But tomorrow, or the next day, the sun will shine again. You'll emerge from seclusion, step outside for a walk. Smile at the neighbors and wave. We've lived through so much already, crippling ice storms, prolonged power outages, blizzards, the shock and sudden silence after 9/11, the eerie quiet in the streets of Oklahoma City after the bombing. We've seen the devastated aftermath of tornados. The killing force of fire and drought and wind.
What is strange now is how normal the world is.
Nothing is normal. In the distance the bells in the university tower peal out the state's theme song. We know we belong to the land. And the land we belong to is grand. A block over there's the rippling waterfall sound of children's laughter. A dog barks. Irises bloom. The sun shines.
Imagine: on writing historical fiction
I came to writing historical fiction not because I was so taken with history but because I wanted to understand the contemporary world I lived in. That world—Brooklyn, 1989, a world of landline phones and dot matrix printers and Betamax VCRs—is history now. But the human grief and joy and brutality that lived there then lives in us now, and always. 1989 was the year of the Central Park Five and the killing of Yusef Hawkins, a black youth surrounded by a gang of white boys in Bensonhurst; it was the year Spike Lee's Do the Right Thing debuted. It was also the year I learned about the 1921 Tulsa Race Massacre. I wanted to write about that.
But the massacre didn't explode from nothing; it came of what went before, and before, and before. To understand 1921, I had to go back before 1921. As my favorite historical novelist Hilary Mantel says: "Beneath every history, another history."
To write about early twentieth century Oklahoma, I had to go back to Indian Territory in the late nineteenth. I had to learn the story of how my people migrated to the Territory—and what they brought with them. I asked questions of living elders, read histories, traced elliptically through hearsay and conversation and handed-down narratives the outlines of how my family came by covered wagon into I.T. from Kentucky in 1887. That imagining became my first novel, THE MERCY SEAT. Studying my way into the earliest days of Oklahoma's story, trying to know what happened, and why, and above all how, I learned what has been for me the hardest lesson: that you can never know all you want to know. All you yearn to know.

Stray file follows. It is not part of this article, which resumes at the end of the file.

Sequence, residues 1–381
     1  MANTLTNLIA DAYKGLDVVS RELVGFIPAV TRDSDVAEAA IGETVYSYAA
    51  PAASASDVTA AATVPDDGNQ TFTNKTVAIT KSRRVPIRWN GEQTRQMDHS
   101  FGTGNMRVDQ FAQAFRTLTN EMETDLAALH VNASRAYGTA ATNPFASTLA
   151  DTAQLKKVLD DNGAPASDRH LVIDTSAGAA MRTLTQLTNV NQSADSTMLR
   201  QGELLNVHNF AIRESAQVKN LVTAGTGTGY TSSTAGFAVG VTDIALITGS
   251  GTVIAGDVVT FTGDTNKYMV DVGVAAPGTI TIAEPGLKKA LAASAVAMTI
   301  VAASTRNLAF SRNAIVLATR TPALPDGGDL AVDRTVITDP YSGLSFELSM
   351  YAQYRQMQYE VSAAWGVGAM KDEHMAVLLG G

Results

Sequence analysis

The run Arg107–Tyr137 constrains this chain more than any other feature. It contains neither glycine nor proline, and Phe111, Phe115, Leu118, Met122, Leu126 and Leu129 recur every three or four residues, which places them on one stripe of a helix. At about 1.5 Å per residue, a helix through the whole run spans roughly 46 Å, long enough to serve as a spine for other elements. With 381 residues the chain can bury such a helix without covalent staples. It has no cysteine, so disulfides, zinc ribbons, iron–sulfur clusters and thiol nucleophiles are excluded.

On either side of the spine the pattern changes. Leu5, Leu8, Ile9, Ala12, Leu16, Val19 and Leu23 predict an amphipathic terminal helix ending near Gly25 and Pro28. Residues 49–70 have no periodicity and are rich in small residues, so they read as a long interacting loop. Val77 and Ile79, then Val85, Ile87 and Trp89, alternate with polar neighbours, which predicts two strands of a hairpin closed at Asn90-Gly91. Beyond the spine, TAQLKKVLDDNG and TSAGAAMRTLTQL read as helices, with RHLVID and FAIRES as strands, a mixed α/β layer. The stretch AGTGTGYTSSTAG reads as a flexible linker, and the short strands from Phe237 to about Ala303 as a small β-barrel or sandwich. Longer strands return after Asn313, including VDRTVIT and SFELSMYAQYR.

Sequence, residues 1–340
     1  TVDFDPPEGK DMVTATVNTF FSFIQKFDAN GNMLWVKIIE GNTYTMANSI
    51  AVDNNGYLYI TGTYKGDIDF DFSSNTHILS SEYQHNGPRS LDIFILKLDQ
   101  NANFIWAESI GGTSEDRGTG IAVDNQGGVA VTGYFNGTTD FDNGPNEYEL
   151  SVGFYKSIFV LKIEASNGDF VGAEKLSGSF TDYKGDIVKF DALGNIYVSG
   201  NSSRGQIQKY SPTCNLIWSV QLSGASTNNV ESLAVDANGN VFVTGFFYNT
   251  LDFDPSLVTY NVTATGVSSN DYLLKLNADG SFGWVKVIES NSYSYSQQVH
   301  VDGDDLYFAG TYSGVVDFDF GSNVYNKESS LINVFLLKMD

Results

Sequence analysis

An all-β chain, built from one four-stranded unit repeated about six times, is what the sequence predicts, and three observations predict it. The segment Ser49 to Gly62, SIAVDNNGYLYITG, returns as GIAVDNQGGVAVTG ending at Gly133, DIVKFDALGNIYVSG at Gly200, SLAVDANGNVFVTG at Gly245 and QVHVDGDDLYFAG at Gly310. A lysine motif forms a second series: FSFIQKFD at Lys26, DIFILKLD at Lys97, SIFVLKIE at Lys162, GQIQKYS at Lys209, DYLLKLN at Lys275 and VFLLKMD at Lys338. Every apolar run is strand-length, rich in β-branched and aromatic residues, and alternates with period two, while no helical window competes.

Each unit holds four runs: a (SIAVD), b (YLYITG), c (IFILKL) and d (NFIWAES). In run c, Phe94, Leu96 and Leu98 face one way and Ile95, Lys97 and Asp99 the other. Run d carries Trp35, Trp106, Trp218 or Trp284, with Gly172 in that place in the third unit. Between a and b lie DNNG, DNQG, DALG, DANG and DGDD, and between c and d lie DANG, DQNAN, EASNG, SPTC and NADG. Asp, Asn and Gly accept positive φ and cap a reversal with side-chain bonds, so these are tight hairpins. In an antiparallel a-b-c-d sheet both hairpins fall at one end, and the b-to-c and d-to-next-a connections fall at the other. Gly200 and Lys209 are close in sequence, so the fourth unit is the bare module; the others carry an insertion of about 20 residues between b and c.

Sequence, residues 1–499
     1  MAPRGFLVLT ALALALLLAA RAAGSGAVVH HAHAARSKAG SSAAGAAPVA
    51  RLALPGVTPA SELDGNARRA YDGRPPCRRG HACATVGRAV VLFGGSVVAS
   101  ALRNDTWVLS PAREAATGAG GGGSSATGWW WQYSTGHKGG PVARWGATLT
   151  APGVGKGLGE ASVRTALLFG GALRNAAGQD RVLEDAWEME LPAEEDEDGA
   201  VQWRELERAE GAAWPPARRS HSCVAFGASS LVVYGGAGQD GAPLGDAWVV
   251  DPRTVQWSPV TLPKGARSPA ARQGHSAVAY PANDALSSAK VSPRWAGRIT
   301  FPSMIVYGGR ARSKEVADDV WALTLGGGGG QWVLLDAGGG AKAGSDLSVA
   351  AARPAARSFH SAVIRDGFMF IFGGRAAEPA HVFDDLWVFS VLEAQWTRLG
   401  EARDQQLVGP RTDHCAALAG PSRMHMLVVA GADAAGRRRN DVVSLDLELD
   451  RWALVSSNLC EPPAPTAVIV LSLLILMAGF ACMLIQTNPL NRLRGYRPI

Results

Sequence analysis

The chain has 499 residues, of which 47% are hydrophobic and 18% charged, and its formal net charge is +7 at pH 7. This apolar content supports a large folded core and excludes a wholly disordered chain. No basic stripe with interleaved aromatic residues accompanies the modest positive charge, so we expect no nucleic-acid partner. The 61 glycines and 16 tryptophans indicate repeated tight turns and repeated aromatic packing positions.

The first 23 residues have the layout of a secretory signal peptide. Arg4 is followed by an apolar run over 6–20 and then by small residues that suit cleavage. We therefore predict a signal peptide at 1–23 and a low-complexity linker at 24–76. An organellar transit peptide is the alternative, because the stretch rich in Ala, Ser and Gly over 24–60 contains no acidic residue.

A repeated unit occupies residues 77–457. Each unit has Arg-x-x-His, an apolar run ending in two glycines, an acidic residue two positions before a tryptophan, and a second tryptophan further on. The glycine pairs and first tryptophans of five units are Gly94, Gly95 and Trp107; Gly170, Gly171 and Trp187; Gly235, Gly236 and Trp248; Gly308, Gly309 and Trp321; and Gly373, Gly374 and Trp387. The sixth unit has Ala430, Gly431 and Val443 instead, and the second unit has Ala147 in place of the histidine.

In that book, a young girl finds a tin box holding her dead mother's belongings; she tries to decipher her mother's life through reading the items: a lock of hair, a cheap snuffbox, a charred torn-out page of Scripture, a child's pair of eyeglasses. But she comes to see that "…she could not know her mother's life, not lived nor told nor unfolding in the strength of imagination nor in dream or vision. Her mother's life was locked away from her, eternal, as she was locked away from all others, as we each are locked away from one another in the pores of finite mind and skin…"
This is the metaphor, for me, for writing historical fiction. We'll never know the truths of their lives, those precious or mediocre or loathsome ones who came before us; they're locked away from us as the dead are locked away from the living, but we keep poring through the tin box anyway, reading artifacts, piecing mismatched parts together, creating the narrative from imperfect words. When we begin, we learn everything we can learn, and then we learn, by writing, how much more we need to know. Then comes another hard lesson: we have to leave out so many of these fascinating facts we've learned, because they impede the narrative or make the story read like hey-look-at-all-my-fabulous-research.